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In this talk, Professor Ani Kokobobo will connect Tolstoy’s ideas about gender and sexuality, as reflected in The Kreutzer Sonata, with the main idea born out of his religious conversion: pacifism. For Tolstoy, sexuality came to signify another form of violence, and peaceful living required complete abstinence. Influenced by pacifist thinkers like the Americans William Lloyd Garrison and Adin Ballou, who also embraced feminism, Tolstoy sought a new world order beyond sexuality, defined by peaceful relations between individuals. In contextualizing this new world order, she brings Tolstoy in dialogue with several queer theorists, who imagine relationship patterns outside the heterosexual marriage with its emphasis on individuality, children, and material success. Queer theorists prioritize the death drive, anti-generationality and anti-familial kinships, as well as what Jack Halberstam calls “queer temporality” – or a break with linear and teleological history and ideas of success for the sake of queer collectivity. She considers queer collectivities alongside the spiritual collectivity envisioned by Tolstoy.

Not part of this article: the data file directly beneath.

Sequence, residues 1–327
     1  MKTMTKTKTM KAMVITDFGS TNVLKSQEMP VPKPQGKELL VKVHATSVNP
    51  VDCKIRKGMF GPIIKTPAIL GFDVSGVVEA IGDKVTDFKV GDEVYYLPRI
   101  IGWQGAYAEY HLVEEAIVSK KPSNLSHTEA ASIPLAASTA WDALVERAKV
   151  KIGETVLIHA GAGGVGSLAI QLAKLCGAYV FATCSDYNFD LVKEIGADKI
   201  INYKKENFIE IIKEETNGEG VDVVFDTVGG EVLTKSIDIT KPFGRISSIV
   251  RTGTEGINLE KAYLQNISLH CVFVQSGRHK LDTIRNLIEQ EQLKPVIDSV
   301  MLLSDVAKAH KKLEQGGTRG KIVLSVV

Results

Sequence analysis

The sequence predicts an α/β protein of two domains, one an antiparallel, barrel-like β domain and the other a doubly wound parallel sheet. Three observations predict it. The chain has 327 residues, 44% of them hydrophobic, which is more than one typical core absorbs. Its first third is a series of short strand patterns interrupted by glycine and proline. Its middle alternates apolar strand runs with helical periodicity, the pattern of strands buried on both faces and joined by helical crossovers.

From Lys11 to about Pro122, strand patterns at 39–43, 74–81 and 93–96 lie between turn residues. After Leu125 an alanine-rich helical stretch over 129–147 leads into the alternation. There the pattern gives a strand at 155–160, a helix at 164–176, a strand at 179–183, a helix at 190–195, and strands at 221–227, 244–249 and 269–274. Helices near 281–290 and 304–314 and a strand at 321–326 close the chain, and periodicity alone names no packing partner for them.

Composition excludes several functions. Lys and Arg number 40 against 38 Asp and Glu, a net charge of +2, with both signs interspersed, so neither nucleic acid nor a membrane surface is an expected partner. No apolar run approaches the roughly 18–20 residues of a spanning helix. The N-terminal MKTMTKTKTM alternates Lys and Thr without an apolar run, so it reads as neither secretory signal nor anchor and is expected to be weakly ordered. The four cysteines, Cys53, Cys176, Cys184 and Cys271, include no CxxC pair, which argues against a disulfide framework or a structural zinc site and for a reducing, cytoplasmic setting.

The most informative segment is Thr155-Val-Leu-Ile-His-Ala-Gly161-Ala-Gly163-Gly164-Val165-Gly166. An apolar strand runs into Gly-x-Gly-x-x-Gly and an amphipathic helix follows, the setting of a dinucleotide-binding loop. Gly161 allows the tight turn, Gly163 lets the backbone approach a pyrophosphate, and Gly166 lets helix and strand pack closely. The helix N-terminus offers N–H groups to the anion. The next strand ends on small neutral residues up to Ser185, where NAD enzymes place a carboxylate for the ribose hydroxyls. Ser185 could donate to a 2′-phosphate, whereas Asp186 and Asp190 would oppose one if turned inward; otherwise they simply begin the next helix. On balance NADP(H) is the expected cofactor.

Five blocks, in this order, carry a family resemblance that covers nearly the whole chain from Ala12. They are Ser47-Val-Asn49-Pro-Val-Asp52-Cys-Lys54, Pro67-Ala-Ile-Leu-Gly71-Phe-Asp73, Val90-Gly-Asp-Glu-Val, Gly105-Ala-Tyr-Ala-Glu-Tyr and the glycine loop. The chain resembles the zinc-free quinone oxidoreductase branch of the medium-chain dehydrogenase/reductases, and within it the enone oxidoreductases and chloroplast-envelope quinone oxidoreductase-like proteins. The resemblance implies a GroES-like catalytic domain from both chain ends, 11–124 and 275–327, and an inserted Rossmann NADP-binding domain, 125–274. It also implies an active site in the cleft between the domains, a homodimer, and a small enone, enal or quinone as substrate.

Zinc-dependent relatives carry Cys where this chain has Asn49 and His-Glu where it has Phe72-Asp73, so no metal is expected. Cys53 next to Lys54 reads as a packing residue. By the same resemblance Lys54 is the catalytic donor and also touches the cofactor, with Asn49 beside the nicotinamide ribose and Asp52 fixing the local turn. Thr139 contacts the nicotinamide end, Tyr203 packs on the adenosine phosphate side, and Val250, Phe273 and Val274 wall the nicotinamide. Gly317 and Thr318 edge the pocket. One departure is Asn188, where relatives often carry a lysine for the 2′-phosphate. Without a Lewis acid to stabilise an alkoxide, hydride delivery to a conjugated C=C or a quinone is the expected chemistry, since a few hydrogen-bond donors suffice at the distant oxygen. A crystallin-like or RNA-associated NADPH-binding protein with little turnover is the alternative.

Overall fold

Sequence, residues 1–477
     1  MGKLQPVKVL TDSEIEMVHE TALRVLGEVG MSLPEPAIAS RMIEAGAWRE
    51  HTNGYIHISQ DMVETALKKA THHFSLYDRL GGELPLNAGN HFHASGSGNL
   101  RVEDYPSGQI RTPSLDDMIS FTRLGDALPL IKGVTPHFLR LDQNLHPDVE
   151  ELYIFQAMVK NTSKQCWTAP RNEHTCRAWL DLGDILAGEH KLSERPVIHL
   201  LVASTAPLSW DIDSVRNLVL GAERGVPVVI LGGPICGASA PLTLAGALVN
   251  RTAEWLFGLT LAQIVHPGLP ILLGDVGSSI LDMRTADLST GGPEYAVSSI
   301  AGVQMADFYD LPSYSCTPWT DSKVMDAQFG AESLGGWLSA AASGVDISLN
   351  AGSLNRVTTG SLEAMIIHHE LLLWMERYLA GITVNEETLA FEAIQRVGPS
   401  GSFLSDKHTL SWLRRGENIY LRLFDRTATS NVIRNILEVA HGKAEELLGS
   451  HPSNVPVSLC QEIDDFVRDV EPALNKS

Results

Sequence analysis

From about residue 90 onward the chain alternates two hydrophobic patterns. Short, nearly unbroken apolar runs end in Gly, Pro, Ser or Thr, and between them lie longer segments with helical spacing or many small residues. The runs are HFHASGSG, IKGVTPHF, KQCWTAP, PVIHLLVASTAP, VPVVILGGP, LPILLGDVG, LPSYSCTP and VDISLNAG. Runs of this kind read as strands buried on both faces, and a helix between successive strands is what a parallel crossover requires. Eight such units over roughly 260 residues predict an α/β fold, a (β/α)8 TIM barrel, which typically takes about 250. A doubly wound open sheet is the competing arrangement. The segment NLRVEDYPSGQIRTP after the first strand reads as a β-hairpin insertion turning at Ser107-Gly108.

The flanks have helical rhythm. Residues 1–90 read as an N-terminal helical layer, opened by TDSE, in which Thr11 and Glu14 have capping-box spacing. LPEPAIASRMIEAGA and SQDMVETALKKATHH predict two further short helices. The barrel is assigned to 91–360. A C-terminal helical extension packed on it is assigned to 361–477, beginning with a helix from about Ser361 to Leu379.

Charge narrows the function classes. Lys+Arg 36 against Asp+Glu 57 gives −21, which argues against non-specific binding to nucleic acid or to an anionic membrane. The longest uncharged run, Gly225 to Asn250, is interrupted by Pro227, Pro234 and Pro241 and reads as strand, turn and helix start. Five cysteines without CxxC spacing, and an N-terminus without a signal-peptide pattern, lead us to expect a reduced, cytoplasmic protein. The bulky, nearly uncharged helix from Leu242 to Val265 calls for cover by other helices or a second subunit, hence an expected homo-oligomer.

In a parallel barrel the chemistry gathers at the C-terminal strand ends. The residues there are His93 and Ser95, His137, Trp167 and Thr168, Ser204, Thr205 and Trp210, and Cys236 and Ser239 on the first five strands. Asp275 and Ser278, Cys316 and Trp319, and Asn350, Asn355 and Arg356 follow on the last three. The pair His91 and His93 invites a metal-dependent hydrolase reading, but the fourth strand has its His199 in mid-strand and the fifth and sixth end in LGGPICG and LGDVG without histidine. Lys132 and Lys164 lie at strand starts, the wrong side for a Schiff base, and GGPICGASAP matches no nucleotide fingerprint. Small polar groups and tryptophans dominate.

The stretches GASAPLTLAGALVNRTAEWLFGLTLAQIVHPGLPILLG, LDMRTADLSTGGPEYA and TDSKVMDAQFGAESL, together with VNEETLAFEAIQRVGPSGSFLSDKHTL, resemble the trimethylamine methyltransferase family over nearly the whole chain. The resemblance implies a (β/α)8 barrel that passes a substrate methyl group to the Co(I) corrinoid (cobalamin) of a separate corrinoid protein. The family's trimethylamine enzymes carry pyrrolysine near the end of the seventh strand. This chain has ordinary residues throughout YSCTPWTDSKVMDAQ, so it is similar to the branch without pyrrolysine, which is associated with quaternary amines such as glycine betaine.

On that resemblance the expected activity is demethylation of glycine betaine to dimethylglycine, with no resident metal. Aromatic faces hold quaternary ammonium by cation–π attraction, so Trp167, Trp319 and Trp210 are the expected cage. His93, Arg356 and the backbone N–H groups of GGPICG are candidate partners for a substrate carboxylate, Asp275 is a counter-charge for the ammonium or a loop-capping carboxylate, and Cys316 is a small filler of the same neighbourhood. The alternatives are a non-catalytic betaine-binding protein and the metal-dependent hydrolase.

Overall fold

Ani Kokobobo is Associate Professor and Chair of the Department of Slavic Languages and Literatures at the University of Kansas. She also edits the Tolstoy Studies Journal. She is currently working on two books, a longer book on Tolstoy and sexuality, and a shorter, public-facing book on the Tolstoy marriage. She has published over twenty academic articles, a monograph (Russian Grotesque Realism: The Great Reforms and the Gentry Decline, Ohio State UP, 2018), and two edited volumes. Her shorter writings for the public have appeared with The Washington Post, The Chronicle of Higher Education, Los Angeles Review of Books, Salon.com, and other venues.